James' play was initially ruled a touchdown before the referees overturned the play, and took the lead away from the Steelers in the final moments of the game. Ben Roethlisberger then threw an interception a few plays later. By winning, the Patriots took a huge step in locking themselves into the AFC's top seed with a first-round bye and home field advantage throughout the playoffs, which they rode into the Super Bowl.

But of course, they couldn't finish their Super Bowl pursuit -- to James' satisfaction.

Patriots get Edelman back, but what about Amendola?

Patriots get Edelman back, but what about Amendola?

Before free agency kicks off, and before we dissect the top college prospects entering this year's draft, we're taking a look at the Patriots on a position-by-position basis to provide you with an offseason primer of sorts. We'll be analyzing how the Patriots performed in 2017 at the position in question, who's under contract, how badly the team needs to add talent at that spot, and how exactly Bill Belichick might go about adding that talent. Today, we're looking at a position where the Patriots have numbers but could see two key veterans depart via free agency: Receiver. 

OTHER ENTRIES IN THE SERIES

HOW THEY PERFORMED:


Danny Amendola was a machine in the postseason. Chris Hogan was dynamite in the Super Bowl after a midseason shoulder injury that limited him to nine regular-season games. Brandin Cooks was very good throughout the majority of the regular season, putting up numbers that made him one of the league's most productive deep threats - and that's without the penalty yardage he drew. It wasn't a dominant season from this unit, but the group lost its most consistent performer when Julian Edelman tore his ACL in the preseason. Malcolm Mitchell's year-long knee injury also sapped this group of some depth. Despite some regular-season hiccups - it was a forgettable final month of the before the Wild-Card Round bye -- what Chad O'Shea's group did in the playoffs showed just how valuable it was for Tom Brady to have a handful of trustworthy receivers at his disposal. They checked in with a "B" in our final grades for 2017.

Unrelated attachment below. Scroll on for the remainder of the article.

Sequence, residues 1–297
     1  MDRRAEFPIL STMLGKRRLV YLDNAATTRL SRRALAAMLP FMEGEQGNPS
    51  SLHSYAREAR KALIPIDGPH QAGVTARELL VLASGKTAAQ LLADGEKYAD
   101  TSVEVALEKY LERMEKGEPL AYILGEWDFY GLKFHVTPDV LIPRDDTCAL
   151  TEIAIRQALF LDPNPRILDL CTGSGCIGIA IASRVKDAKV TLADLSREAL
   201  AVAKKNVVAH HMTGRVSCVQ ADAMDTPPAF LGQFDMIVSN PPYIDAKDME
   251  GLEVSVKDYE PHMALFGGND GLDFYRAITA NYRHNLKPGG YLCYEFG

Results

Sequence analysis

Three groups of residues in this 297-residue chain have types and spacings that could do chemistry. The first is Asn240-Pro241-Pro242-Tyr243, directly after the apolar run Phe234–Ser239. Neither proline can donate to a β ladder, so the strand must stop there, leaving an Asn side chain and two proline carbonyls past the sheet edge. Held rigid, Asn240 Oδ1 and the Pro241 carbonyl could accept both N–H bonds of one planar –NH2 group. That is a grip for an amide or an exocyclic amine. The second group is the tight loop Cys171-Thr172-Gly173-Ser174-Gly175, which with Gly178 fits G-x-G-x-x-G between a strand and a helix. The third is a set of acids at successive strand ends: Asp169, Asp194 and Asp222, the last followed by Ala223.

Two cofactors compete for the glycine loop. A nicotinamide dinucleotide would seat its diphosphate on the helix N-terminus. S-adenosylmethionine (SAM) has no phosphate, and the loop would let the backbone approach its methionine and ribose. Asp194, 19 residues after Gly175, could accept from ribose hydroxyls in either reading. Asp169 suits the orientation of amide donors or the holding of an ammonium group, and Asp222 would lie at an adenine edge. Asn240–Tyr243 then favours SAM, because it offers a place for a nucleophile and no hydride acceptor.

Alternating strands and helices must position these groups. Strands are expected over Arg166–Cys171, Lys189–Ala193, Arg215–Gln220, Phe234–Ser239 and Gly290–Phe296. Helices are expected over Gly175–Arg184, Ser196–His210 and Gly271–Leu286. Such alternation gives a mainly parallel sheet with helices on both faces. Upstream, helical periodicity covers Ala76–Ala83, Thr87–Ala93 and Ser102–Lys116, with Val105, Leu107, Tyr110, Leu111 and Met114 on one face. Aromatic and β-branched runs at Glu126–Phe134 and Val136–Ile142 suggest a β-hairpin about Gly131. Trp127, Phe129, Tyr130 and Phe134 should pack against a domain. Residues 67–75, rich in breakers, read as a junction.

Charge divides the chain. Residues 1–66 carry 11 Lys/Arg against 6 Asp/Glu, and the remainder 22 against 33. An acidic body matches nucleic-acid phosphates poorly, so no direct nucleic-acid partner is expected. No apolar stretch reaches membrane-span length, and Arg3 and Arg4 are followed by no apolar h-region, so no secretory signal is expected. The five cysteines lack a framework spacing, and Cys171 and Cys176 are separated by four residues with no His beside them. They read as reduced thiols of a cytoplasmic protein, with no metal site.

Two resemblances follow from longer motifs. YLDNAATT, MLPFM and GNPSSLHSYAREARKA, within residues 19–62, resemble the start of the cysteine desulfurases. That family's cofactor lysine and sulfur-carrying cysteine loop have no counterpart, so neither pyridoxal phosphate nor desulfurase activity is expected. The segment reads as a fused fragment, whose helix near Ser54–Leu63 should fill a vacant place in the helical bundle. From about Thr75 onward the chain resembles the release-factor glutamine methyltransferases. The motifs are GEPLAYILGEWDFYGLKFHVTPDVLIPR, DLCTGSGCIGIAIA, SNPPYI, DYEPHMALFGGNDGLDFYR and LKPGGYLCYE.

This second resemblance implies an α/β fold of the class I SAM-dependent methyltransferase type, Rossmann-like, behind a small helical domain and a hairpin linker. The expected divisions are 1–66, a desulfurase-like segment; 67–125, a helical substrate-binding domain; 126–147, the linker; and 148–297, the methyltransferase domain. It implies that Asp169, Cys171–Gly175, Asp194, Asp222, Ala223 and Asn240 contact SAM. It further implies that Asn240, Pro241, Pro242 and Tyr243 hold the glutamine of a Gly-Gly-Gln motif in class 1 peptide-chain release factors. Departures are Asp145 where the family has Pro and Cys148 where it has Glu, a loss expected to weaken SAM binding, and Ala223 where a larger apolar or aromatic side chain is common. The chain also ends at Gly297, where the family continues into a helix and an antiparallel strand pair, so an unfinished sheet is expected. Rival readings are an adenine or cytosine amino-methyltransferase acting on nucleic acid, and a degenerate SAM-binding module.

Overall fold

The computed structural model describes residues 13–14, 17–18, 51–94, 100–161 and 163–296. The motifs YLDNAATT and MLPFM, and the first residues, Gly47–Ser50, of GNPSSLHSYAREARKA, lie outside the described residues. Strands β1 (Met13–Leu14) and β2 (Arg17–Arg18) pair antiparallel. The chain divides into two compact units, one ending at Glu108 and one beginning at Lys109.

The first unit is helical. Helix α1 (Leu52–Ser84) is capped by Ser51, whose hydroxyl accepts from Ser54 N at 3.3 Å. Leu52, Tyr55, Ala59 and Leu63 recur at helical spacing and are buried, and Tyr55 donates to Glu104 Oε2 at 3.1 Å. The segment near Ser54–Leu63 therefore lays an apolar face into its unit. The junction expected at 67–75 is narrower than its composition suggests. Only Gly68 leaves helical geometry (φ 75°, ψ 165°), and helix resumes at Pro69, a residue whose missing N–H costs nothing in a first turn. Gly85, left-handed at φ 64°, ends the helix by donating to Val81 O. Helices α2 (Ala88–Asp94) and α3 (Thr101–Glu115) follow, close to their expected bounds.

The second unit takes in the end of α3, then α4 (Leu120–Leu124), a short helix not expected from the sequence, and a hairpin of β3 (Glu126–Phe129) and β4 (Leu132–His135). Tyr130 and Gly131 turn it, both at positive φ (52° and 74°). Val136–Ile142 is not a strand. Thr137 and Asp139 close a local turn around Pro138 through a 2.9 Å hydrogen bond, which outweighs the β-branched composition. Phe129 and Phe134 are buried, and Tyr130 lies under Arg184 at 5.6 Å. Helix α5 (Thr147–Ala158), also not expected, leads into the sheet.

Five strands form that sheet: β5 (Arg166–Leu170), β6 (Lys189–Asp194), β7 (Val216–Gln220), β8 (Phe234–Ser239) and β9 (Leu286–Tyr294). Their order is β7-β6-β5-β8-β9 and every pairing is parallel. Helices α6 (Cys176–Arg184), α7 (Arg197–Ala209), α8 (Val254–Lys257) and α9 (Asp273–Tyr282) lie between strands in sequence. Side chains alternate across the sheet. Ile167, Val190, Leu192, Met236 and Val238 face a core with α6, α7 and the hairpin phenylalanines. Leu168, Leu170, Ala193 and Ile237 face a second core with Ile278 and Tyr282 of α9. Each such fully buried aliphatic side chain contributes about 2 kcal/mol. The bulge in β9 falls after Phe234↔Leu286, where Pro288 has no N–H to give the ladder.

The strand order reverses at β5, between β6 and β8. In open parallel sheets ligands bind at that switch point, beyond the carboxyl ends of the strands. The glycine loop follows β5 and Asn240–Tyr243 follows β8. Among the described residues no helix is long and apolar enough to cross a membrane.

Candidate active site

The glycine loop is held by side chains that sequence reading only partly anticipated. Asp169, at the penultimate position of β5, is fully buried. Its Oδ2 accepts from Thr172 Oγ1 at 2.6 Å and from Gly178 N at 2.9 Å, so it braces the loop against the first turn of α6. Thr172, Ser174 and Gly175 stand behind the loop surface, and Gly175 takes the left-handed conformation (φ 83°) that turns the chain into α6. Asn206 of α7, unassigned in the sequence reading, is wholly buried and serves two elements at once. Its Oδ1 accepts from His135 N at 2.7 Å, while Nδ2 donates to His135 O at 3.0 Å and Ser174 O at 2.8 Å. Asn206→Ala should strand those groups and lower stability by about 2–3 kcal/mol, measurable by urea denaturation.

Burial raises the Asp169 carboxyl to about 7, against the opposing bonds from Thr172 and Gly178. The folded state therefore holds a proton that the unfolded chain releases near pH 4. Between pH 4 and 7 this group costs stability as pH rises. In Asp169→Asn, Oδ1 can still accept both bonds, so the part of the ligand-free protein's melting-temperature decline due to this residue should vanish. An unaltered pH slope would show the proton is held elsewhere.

WHO IS UNDER CONTRACT FOR 2018?
Brandin Cooks, Julian Edelman, Chris Hogan, Phillip Dorsett, Kenny Britt, Malcolm Mitchell, Cody Hollister, Riley McCarron

WHO ISN'T?
Danny Amendola, Bernard Reedy, Matthew Slater

HOW DIRE IS THE NEED?


Brady should have his top three options back for 2018 so the need here can't be considered more than a 5 out of 10 on the Gary Tanguay Memorial "How Concerned Are You?!?" Meter. That said, the group needs some trustworthy depth. Especially if Amendola, 32, who has been willing to take less to remain in New England, decides he'd like to max out his value elsewhere. He's right there with Edelman, who turns 32 in May, as the most clutch postseason receiver Brady's had since Troy Brown. Dorsett and Britt are physically-gifted options who could benefit from a full offseason in the offense, but are they strong enough candidates to serve as the No. 4? And what about Mitchell? What does his future hold after missing his entire sophomore season? Moreover, and this wouldn't impact the offense so much as it would the kicking game and the level of leadership in the locker room, but Slater's loss would be monumental. If both Slater and Amendola return, the need here can't be considered close to dire. But a young option in the draft - either a burner who could provide insurance if Cooks opts for free agency next offseason, or someone who profiles as a true slot - would be a wise investment.